A design team from Hungary has created a system that uses steel wires and pulleys instead of the traditional chain drive.
The Stringbike is an interesting redesign of the traditional bicycle chain drive. A design team from Hungary has created a system that uses steel wires and pulleys which offers seamless shifting, and a cleaner operation than greasy chains.
Popular Science reports:
The position of the pedals determines the position of the discs, so that they swing in opposition — one is always pulling the bike forward, and the other lags behind. This allows a continuous transmission change, which could help a rider navigate winding streets, because you can more easily control the transmission without having to shift gears.
…Unlike a typical 10-speed with a derailleur, you won’t feel any slippage when you shift gears — higher or lower gear is obtained by higher or lower placement of the pulleys.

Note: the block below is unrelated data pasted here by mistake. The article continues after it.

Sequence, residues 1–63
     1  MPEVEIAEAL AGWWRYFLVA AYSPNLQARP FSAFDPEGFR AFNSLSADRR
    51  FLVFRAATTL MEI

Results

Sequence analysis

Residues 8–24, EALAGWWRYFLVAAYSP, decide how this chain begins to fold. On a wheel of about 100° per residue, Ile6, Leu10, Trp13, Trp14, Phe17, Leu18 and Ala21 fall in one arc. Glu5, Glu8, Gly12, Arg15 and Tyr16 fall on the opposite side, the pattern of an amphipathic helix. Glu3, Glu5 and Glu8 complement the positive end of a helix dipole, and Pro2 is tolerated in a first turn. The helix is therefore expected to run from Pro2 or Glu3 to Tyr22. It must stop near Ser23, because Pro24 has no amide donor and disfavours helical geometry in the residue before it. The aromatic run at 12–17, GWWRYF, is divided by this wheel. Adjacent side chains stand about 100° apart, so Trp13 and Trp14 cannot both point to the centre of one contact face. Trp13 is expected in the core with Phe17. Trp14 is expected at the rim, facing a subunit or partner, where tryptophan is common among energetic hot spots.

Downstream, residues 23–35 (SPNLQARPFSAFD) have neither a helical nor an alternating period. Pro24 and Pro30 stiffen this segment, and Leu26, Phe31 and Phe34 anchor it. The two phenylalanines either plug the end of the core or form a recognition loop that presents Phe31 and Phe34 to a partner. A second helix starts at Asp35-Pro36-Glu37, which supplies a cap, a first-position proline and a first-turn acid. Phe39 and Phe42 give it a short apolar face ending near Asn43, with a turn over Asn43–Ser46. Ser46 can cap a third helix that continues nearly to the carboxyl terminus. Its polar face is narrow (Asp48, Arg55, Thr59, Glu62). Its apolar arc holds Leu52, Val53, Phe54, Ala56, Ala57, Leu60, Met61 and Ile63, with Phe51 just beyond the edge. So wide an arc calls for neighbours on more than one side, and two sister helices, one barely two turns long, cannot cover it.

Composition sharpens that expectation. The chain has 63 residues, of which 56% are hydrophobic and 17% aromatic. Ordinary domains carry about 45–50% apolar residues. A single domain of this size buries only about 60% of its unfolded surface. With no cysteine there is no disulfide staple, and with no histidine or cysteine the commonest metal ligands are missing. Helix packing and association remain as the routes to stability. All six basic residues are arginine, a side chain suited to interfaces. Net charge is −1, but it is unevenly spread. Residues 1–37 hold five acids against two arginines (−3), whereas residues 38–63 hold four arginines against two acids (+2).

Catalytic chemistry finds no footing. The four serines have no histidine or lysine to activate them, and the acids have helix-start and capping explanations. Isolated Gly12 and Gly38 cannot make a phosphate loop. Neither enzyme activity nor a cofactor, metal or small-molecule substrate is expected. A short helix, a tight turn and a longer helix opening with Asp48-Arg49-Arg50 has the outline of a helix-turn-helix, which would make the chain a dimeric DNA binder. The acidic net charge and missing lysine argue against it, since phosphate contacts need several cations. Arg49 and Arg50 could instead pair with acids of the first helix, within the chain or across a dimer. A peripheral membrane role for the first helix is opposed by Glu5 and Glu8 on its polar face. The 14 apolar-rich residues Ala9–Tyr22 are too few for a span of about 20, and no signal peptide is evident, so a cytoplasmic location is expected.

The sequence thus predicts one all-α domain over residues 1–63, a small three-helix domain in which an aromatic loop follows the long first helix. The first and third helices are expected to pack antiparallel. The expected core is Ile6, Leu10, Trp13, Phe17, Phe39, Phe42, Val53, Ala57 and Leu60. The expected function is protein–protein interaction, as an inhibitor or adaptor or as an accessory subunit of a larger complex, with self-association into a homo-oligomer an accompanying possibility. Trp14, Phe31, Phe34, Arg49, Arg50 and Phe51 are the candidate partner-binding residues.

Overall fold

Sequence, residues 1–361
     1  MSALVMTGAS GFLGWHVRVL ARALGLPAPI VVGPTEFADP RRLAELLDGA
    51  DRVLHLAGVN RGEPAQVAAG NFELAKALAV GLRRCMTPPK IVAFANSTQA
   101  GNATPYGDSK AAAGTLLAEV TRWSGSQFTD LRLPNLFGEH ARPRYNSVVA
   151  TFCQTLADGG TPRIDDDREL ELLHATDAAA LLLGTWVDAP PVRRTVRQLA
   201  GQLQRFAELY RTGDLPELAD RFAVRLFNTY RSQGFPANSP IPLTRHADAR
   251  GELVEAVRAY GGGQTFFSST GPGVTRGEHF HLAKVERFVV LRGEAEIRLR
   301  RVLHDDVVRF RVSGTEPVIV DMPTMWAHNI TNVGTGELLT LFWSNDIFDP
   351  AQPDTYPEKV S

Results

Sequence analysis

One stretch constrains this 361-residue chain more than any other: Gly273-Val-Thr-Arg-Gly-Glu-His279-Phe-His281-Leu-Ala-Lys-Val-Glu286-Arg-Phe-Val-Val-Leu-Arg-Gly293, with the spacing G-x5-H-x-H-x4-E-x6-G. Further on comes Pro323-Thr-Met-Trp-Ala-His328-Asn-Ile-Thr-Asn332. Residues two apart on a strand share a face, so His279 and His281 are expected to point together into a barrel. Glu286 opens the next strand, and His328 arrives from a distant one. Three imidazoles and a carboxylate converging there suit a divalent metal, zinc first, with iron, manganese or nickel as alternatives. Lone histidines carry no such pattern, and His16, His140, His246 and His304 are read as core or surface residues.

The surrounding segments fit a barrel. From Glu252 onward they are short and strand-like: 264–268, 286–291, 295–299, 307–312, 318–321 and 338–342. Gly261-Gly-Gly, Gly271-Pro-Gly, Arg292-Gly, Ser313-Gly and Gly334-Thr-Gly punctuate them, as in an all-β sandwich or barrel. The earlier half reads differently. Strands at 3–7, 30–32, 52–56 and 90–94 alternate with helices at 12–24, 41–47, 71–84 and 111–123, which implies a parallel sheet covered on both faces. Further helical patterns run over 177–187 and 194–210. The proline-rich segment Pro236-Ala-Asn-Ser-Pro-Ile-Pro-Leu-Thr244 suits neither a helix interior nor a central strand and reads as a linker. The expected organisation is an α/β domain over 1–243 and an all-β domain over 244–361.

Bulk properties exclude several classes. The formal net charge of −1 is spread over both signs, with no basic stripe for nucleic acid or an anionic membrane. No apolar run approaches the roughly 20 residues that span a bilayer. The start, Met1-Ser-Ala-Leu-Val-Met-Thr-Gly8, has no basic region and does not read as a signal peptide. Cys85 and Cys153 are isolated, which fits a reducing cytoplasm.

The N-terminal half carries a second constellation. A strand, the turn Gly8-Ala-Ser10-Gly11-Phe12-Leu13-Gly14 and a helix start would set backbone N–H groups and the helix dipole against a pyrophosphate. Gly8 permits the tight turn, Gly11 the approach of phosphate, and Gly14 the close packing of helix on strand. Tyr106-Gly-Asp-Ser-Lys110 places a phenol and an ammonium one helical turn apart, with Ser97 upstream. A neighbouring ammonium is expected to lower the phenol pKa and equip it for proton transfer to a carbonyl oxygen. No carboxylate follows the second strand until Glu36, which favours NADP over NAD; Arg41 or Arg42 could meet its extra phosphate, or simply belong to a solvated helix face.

The wires can even be set asymmetrically, which would provide a different weight load on each leg because one would have to work harder than the other. This is impossible with a traditional geared bike, but it could be useful for training or for riders with injuries, as Hungarian Ambiance points out.
The Stringbike, developed at bike-maker Schwinn Csepel Ltd., is also more convenient for those without racks — both wheels come off quickly and cleanly, because there are no chains or derailleurs to align. Bike commuters won’t have to worry about chain grease soiling their khakis, either. And because there are fewer components, it could eventually be cheaper to produce than traditional bikes.